James Williams, ” Glasgow Wine Vaults”‘
—The police magistrate reminded the bench, that at the last annual meeting this house was objected to from the want of accommodation ; it did not contain two bedrooms, which could be appropriated, to lodgers ; besides which, it had become a, most disorderly house on Sundays; there was only one conviction against the proprietor, but there had been frequent complaints ; at the first off-set the application was objectionable, as the premises did not meet the provisions of the Act.
The Chairman read the 12th section of the Act pointing out the accommodation, which must, be provided, and added he could speak from his own personal knowledge, that the house did not contain the accommodation required-by law.
Major Wellman observed that his daughters had repeatedly complained to him of the insults to which they had been subjected on going to Trinity Church on the Sabbath, from the drunken men passing in and out of the Glasgow Wine Vaults ; he certainly should oppose the application.
Captain Drew said, he could bear out the assertions of Major Welman ; he had frequently seen drunken people going in and out, indeed it was too notorious to be denied he would not, however, oppose the application if an amendment was promised, but if the provisions of the Act were not complied with, he must do so.
Mr. Bartley observed that the Chairman had informed them from his own personal knowledge that the premises were not such as were required by the Act. Last year the license was given in the face of the law on the understanding, that some good improvement in this respect would be made, yet Mr. Williams again applied under the same circumstances ; he considered if the license was granted it would be a farce Magistrates attending to carry out apparently the objects of the Act, he knew the place to be nothing but a drinking house.
Mr. Sams informed tho bench that at the request of Mr. Williams he had visited the’ house, and found it comprised four bedrooms, and sitting rooms, one of which could be converted into a bedroom when required. He had been told by some gentlemen, who, on arrival from Victoria, had stopped at the house, that they had never been more comfortably attended to nor stayed in a more orderly house. He attended Trinity Church himself, and he must say, he had never seen anything on the Sunday to implicate the character of the applicant. The house was not generally used as a lodging-house; it was for the bench to consider if the provisions of the Act were complied with.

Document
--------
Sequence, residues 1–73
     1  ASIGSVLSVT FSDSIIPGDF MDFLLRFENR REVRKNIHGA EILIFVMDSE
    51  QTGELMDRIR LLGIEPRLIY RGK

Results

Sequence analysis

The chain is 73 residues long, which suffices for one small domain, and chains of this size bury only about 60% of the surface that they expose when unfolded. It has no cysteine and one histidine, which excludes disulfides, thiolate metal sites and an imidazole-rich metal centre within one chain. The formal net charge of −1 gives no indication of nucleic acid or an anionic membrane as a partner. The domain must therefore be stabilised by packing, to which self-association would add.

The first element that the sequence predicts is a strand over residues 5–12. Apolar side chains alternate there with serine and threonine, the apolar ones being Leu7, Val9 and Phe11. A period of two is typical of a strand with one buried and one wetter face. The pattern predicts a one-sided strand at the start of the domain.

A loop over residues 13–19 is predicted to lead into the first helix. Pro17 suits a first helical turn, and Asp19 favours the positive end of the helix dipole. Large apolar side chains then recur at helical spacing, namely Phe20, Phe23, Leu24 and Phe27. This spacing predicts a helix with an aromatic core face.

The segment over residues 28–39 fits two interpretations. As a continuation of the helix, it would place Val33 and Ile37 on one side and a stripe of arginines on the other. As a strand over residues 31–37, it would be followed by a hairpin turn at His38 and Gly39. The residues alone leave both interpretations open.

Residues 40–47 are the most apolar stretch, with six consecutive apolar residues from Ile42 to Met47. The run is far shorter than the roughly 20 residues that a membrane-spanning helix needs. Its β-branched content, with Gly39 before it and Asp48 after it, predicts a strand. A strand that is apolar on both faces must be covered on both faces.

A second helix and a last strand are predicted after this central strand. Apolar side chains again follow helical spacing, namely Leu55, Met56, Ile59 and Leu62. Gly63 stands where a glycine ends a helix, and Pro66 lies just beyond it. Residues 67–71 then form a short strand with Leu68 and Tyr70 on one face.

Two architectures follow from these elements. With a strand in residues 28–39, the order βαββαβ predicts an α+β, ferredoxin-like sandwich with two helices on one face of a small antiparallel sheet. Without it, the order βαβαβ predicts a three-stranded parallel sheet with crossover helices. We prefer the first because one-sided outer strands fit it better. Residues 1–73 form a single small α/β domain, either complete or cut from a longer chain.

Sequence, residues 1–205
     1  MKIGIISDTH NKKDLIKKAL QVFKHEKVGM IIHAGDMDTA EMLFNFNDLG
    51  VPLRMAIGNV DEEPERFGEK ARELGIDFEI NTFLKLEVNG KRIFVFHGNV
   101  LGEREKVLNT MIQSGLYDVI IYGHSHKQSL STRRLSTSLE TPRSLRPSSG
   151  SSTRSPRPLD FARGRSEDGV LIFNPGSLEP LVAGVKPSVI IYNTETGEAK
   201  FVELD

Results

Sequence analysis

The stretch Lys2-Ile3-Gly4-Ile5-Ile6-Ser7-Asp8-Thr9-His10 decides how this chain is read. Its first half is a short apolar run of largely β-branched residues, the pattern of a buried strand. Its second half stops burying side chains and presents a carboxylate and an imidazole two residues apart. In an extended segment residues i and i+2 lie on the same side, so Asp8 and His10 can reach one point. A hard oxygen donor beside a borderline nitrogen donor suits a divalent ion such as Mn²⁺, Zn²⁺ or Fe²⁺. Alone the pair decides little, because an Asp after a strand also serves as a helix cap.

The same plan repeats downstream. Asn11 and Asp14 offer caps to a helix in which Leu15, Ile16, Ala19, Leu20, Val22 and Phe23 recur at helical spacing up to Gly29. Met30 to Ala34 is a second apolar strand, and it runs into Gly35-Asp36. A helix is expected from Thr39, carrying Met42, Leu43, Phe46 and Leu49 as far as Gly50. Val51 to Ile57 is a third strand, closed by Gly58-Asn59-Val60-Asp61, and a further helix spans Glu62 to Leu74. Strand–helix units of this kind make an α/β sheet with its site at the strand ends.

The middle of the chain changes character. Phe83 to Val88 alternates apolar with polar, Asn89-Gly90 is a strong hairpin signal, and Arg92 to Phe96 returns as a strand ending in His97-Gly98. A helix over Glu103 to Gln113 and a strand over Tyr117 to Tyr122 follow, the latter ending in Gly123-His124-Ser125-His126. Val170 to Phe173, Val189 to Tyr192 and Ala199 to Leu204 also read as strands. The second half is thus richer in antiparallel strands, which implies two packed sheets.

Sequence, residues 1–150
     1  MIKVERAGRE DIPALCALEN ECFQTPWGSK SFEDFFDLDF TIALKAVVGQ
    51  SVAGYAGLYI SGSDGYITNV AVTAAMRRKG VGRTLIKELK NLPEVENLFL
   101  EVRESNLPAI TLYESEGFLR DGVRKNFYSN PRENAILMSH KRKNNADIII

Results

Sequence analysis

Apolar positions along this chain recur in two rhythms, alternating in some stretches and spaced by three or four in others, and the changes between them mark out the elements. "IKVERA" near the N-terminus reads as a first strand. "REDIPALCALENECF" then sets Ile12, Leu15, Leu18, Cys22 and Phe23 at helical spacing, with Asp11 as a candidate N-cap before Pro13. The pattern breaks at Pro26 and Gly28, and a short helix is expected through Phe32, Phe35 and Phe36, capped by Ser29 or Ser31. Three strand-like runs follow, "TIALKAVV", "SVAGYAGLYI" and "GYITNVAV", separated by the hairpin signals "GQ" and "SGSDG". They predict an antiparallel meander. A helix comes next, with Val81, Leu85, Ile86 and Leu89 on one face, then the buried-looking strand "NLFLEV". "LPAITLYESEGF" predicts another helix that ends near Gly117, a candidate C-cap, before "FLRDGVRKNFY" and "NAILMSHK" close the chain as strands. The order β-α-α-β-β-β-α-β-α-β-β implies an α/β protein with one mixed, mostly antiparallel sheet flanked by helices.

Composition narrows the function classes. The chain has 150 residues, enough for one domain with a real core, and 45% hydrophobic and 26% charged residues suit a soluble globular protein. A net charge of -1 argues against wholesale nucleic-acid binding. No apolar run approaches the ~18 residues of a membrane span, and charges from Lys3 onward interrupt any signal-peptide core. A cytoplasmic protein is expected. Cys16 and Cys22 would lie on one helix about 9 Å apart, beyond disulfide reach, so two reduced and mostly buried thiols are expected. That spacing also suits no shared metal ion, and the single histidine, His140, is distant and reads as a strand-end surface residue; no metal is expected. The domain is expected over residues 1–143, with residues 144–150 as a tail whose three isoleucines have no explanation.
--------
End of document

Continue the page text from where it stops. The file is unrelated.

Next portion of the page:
Dr: Casey was not frequently in that neighbourhood, but. on Sunday week, when passing that way with another magistrate, they saw several men who had evidently been drinking, and his friend directed his (Dr. Casey’s) attention to the fact, remarking, –“This is the why the Act is adhered to.”
The application was refused and Mr. Williams, on leaving the Court exclaimed. “You have destroyed a better man than ever sat amongst you” .
The People’s Advocate, 3 December 1855
From “Adjourned Licensing Meeting”:
James Williams (Glasgow Wine Vaults), who lost his retail license at the annual meeting, and now applied for a wholesale license.
Major Welman said although he certainly objected to the conduct of the house under the retail license, he was in favor of the present application.
The Clerk of the Peace read the section of the Act relating to adjourned meetings, and which required that notice of intention to apply for a wholesale license should be given before the lath November. The present application was received on 3rd instant.